Stop writing CSS prefixes

by danillo on Mon, 28/05/2012 - 12:10

While vendor prefixes are a subject of constant discussion, the developers don't want to wait and are using it more and more. But due to their draft nature, prefixes changes so much that is very hard to keep track of them all.

“Border radius needs a prefix for Webkit... Maybe... And for Firefox? I know that don't need for Opera... I mean, well, is better to test it... I wonder if works with IE? AHHHHHH!!!!”
You're not alone.

That's what Prefix free comes for.

With a 2KB JavaScript, Prefix free aims to change the way you write CSS, avoinding writing prefixes and letting the script do the magic. What before you write as:

.classe {
  -moz-border-radius: 5px 0 5px 0; /* Firefox */
  -o-border-radius: 5px 0 5px 0; /* Don't know if I need this */
  -webkit-border-radius: 5px 0 5px 0; /* Old Chrome? */
  border-radius: 5px 0 5px 0; /* sigh... */
}

Now you can write as:

.classe {
  border-radius: 5px 0 5px 0; /* Fuck yeah! */
}

Behind the scenes, Prefix free parses your CSS and check if there's properties that needs prefixes to work, and add them. As advantage, in addition to a cleaner code, you have the guarantee that your styles will work in the future, if a browser start to support a new experimental property.

For example, in the code above, if Microsoft implements -ms-border-radius, Prefix free will make sure it will works, which won't happen with hand-written prefixes code.

As soon as I realize that there's no Drupal module for that, I just made one, and here's the Prefix free module, which basically wraps the script into a Drupal library, and add it in your entire site.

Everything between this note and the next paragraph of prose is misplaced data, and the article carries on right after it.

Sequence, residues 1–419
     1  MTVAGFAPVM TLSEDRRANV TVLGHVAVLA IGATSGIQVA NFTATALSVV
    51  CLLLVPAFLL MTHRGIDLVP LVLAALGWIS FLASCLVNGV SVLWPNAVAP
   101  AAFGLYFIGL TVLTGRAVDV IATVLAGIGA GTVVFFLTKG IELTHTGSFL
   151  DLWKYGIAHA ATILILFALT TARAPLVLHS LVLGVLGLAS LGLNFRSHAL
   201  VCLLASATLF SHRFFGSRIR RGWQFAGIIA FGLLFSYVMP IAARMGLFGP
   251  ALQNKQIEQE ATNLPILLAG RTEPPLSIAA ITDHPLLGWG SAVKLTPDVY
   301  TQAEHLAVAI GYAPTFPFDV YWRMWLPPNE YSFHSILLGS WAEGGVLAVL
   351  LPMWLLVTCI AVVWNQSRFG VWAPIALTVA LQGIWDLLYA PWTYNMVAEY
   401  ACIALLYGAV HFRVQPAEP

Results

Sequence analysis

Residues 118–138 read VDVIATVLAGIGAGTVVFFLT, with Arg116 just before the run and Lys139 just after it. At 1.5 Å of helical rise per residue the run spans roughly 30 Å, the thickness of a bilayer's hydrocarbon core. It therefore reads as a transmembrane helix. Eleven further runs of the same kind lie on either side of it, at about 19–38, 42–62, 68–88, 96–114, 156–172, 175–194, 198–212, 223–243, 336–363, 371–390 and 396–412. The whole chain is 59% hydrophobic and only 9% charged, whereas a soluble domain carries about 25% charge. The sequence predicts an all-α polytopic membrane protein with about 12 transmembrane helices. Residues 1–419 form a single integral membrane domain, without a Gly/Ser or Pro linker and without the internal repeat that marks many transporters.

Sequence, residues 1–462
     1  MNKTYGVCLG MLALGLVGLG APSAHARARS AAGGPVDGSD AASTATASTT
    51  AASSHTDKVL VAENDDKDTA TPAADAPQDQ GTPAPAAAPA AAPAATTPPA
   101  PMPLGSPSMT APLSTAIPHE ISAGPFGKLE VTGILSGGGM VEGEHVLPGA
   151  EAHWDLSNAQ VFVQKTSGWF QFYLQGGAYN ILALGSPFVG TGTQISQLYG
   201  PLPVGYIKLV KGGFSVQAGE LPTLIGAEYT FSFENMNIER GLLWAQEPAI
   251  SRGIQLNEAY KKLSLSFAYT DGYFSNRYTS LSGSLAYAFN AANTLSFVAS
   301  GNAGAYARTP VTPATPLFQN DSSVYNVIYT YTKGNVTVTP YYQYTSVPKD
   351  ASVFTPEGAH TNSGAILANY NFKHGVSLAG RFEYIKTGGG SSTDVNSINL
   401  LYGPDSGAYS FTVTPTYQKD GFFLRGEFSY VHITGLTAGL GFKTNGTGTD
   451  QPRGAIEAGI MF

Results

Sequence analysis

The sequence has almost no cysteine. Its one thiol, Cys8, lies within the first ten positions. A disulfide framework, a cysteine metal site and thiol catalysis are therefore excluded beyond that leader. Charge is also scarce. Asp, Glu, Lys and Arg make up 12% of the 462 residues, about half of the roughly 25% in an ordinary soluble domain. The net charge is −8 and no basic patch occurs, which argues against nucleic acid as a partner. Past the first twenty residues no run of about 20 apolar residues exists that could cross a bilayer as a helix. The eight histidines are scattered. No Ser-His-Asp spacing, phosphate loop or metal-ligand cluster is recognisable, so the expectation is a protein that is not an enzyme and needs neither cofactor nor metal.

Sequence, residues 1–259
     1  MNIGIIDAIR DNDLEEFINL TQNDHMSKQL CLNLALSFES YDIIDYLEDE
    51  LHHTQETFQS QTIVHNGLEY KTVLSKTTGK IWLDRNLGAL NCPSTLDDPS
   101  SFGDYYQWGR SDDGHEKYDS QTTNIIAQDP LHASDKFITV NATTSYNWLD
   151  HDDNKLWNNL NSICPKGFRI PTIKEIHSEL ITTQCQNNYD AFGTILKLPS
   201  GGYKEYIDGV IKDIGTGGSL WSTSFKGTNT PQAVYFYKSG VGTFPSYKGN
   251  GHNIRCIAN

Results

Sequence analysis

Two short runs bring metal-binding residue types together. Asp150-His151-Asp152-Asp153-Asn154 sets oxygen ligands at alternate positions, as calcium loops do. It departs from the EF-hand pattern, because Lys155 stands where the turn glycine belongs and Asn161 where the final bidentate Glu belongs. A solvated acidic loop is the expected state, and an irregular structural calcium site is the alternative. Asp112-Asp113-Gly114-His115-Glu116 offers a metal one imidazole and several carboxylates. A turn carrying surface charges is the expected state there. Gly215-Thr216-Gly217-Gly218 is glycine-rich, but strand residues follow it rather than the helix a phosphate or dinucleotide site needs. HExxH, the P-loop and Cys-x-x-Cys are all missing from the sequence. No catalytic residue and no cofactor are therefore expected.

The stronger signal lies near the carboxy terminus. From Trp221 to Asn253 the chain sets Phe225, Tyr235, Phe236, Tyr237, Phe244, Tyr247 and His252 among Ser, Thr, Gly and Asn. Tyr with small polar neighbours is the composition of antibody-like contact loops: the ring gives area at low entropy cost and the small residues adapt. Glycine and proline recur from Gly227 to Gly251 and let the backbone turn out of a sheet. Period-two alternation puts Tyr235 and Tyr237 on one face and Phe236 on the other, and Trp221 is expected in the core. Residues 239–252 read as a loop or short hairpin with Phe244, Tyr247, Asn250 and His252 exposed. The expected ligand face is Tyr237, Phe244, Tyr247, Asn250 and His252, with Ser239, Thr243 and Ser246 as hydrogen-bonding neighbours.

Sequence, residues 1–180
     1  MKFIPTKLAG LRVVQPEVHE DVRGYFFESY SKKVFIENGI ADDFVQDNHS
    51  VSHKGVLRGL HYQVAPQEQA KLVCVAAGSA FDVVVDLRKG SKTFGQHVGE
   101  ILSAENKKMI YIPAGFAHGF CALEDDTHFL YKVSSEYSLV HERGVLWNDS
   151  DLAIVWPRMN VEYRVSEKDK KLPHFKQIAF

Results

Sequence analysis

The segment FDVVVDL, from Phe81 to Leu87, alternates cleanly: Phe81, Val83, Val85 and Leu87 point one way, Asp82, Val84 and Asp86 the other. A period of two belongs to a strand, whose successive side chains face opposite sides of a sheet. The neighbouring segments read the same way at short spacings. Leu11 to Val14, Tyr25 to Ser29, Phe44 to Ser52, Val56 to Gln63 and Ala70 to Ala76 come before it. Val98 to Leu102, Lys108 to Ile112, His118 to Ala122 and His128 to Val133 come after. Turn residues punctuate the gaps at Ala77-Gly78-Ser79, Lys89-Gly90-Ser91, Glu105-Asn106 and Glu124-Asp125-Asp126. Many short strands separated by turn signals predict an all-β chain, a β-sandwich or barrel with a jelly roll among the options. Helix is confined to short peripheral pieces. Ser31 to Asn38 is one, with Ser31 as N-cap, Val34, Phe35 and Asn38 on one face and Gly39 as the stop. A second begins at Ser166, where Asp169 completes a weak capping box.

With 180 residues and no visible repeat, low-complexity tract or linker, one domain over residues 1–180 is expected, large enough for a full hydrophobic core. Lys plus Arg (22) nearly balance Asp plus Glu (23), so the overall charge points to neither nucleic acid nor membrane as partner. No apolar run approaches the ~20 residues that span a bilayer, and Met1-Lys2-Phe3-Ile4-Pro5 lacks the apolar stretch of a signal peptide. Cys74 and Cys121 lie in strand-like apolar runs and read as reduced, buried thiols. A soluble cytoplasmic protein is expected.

To use it, just download the Prefix free javascript and put it into the module's folder, or in the libraries directory if you are using Libraries API, and it will works automagically. Then, just forgot about CSS prefixes.

Comments

Rather than using yet another javascript library to do on-the-fly CSS manipulations, I think using a CSS pre-processor (such as LESS or SASS) and a mixin is a much cleaner solution. Create a 'border radius' mixin with whatever (prefixed or not) rules you need and re-use it with a single line of code. No JavaScript necessary, and no reliance on a third-party library to keep up to date.

Yuriy, I had the same opinion some time ago. But Lea Verou from -prefix-free has a good point. Here is what she said on an interview at CSS Tricks about server side preprocessors like Less and SASS.

"What -prefix-free exactly does, is impossible to do in the server. -prefix-free detects which features need a prefix and only adds it if needed. Also, it automatically detects which properties are available that need a prefix. It doesn't have to keep lists of which prefixes to add for which features, everything gets feature detected, and thus is very future proof. With preprocessors, lists need to be maintained about this sort of stuff. Such lists are doomed to be incomplete and quickly get out of date. Every server-side prefixer I ever tried fails in a number of cases.

For example, think about CSS animations. In the beginning, it was only Webkit. Then Firefox implemented them, and we had to go back and add -moz- versions too. Now IE has just implemented them too, so everything has to change and include a -ms- prefix as well. Soon, Opera will implement CSS animations. Are we really going to go back for a third time and add @-o-keyframes? Probably not. Most people will just start making up excuses about how Opera's market share is low and how they don't need to bother. -prefix-free is great for cases like that, because you never need to go back and change anything. When Opera implements CSS animations, they will work fine in Opera too, without even -prefix-free requiring an update."